Jack and the Beanstalk
Written and directed by Susie McKenna
This is a refreshingly new version of the Jack and the Beanstalk story, or new to me at least. There's no Demon King; instead we get two baddies to boo: Runner Bean (Tony Whittle), who also answers to the name of Harry Co, and his wife Broad Bean (Jennie Dale) who even have a row of little Green Beans all of whom are specialists in wind and 'orrible odours. They work for the Giant who, until they got to know him, was apparently a nice giant.
Jack has a girl called Off Her Trolley Molly (Chloe Taylor), who's very keen on him, and a mate called Silly Billy (David Roberts) who is just that. As helpmeets he has Fairy Sweet Pea (Abigail Rosser), who gets pretty keen on Jack as well, and a Snowman who turns out to be his father. I didn't quite get that either but since the Snowman is played by the irrepressible Kat B and Jack's mum Dame Daisy is played by the irreplaceable Clive Rowe who cares? for with those two this can't help but be a happy Hackney pantomime.
Jaygann Ayeh, as Jack, who doesn't get to kill the Giant but does get the fairy, is a newcomer to the panto team but a very welcome one who brings personality and vigour as well as a way with a tune.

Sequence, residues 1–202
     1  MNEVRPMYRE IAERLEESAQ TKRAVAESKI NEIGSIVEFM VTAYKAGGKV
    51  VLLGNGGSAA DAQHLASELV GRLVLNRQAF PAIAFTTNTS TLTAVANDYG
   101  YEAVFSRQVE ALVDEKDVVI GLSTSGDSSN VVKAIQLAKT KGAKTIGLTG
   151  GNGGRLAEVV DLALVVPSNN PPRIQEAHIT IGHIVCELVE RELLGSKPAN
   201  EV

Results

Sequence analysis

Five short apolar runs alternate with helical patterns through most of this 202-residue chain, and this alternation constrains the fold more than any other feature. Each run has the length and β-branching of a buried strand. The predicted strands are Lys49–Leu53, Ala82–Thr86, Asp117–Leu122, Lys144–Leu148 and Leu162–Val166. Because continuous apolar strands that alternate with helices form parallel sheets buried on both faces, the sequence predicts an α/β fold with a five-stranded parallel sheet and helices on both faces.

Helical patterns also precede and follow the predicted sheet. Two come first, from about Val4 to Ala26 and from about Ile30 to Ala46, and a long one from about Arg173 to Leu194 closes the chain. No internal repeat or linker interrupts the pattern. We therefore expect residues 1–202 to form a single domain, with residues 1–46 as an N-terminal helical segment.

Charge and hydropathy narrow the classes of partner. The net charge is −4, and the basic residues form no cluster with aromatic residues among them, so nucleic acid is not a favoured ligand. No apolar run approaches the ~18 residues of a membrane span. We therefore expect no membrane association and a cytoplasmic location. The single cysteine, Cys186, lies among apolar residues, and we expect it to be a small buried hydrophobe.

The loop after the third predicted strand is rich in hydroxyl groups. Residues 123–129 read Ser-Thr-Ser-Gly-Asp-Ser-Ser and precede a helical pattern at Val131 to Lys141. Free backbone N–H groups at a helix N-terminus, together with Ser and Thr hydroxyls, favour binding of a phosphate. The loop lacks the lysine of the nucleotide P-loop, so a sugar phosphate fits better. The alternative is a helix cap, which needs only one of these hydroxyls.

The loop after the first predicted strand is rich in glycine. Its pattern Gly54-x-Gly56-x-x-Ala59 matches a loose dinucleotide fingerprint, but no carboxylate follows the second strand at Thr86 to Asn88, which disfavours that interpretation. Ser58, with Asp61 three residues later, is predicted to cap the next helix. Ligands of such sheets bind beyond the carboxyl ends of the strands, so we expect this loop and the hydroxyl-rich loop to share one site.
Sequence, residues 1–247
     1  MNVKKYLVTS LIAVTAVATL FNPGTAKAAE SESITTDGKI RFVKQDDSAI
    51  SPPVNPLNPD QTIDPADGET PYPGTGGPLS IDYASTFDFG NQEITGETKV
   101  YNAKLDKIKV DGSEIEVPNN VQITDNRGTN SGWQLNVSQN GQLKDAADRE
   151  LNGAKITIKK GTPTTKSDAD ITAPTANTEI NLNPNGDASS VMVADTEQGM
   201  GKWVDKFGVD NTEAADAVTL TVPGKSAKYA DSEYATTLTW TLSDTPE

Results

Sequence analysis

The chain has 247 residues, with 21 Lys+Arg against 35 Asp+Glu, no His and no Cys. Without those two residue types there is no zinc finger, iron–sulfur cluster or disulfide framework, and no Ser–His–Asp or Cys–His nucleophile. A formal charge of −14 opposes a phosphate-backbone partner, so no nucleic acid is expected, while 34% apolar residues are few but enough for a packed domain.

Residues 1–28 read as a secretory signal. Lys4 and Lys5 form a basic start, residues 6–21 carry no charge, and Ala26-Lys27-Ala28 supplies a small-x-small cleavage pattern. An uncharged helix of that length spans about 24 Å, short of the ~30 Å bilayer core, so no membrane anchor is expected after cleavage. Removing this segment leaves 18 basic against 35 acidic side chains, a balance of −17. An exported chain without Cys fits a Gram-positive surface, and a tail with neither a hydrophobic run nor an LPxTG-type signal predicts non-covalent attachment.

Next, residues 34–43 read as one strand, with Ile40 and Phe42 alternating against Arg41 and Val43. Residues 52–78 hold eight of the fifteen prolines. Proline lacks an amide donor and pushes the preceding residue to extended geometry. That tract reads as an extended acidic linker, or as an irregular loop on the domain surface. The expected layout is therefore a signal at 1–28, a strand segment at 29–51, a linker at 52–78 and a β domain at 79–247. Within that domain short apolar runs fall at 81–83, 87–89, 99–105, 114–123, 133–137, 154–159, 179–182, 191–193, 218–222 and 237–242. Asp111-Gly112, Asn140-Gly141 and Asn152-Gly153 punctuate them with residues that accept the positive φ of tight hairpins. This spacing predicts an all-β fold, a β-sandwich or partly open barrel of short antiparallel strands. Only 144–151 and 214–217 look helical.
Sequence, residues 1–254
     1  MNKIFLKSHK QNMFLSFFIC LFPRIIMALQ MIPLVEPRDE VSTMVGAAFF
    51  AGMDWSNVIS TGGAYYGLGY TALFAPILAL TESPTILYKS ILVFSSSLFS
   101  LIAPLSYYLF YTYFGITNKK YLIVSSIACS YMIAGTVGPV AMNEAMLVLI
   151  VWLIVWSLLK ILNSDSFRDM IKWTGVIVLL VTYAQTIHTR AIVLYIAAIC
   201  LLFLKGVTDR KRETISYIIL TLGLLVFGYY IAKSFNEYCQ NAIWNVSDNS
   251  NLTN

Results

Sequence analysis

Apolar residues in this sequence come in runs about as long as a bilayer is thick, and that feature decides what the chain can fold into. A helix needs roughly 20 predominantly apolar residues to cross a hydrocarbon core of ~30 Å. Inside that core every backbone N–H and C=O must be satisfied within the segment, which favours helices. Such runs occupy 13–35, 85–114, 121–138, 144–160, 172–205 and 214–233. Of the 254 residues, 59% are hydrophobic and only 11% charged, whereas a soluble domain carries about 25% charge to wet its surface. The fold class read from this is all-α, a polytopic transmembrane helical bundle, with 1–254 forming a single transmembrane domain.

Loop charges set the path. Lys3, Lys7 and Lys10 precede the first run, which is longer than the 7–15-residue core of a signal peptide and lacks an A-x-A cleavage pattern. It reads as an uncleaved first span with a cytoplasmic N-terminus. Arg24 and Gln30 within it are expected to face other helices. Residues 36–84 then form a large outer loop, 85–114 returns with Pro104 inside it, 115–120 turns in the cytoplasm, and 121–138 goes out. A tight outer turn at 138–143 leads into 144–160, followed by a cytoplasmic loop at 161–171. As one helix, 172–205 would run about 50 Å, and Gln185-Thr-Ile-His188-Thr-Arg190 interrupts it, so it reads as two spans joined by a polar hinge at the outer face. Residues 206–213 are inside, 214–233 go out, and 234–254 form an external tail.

On opening night things didn't start off with quite the bang they should and everything was a little over amplified but that soon settled down and we could get on with enjoying ourselves. There is a splendid Giant Blunderbore (performed by Leon Sweeney, voiced by Cavin Cornwall and operated by Piers Aggett), and a lovely Buttercup, a cow we'd all like to have taken home (Alex France, Justin St. Cyr and Mathew Jeans, though whether all three at once I'm not sure!).
With Sharon D Clarke making a vocal appearance as the voice of the Giant's golden harp and Gemma Bird as a gold-egg laying hen who looks straight out of a showgirl line at the Follies this is another high-spirited Hackney romp. Although Lotte Collett's sets and costume have a slightly Russian look, the Giant (Fee Fie Fo Fum!) still smells the blood of an Englishman and it all takes place at Hackneydale. It will get you on your feet to dance along with the traditional song sheet and send you home with a big smile on your face.
Ends 9th January 2011
Reviewer: Howard Loxton